Galileo warns that scientists must be wary lest their discoveries are co-opted by those in power as new tools to oppress the people. This concern echoes the ideas of the Frankfurt School – a group of left-wing intellectuals founded in the interwar period that included Theodor Adorno and Max Horkheimer – with whom Brecht was involved socially. These intellectuals, like Brecht, fled from Nazi Germany to America, and they remained acquainted in their new (and, for many of them, temporary) home. But Brecht was impatient with the overly intellectual stance of some of the theorists. He called them “Frankfuturists” and critiqued their reluctance to get their hands dirty with political activism or party politics.[2] The character of Galileo echoes this side of Brecht’s intellectual character: he is fallible and gets his hands dirty in the “gutter” in order to achieve his aims. When this disappoints his allies, he reminds them that society is the problem and not him as an individual. If he did not dirty himself then he would be prevented from carrying out his higher purpose of scientific discovery, which is his method of challenging the establishment. It is this that makes Galileo impatient with the notion of “heroes”.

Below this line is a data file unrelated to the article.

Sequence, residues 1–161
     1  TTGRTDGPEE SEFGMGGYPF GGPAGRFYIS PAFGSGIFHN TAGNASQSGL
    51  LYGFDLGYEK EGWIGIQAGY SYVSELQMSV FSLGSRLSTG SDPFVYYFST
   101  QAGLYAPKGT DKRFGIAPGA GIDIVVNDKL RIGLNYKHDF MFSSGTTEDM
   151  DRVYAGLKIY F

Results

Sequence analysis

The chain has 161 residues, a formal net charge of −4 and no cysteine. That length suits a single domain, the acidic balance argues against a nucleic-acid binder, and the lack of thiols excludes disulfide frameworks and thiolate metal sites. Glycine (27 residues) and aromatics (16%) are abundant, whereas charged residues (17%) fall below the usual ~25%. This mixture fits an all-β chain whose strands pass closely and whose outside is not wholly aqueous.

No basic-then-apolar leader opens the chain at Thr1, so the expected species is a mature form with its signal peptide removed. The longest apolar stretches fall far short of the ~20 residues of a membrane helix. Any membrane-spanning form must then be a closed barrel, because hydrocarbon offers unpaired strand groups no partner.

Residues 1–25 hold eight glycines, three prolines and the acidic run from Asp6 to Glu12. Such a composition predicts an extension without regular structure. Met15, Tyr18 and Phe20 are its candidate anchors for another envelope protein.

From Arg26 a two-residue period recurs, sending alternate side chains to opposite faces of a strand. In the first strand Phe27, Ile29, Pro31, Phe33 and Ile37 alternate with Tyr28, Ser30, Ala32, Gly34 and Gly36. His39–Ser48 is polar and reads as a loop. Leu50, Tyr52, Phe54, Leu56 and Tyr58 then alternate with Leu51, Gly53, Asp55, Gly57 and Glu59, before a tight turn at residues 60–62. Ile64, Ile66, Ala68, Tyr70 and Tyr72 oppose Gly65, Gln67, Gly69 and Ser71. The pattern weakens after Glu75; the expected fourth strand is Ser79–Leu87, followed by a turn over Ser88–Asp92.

Joe Wright, the director of Life of Galileo, is most familiar to audiences as a film director. Something of the glamour and surprise of his Anna Karenina (2012) finds its way into this production, which takes a similarly unconventional approach to the stage. In Anna Karenina, Wright used a dilapidated theatre as the setting for the film. The auditorium was disguised as the setting for diverse scenes. One scene saw a horse race take place across the stage, while another saw the space filled with wildflowers. For Life of Galileo, Wright has worked with theatre designer Lizzie Clachan to create a stage that runs in a circle between two audiences: one seated in the traditional ‘round’ and the other clustered into the middle of the stage. In a typical Brechtian dash of metatheatrics – which is also on display in the Donmar’s current production of The Resistible Rise of Arturo Ui (on which you can read culturised’s thoughts here) – the central audience are directly involved in the action of the play.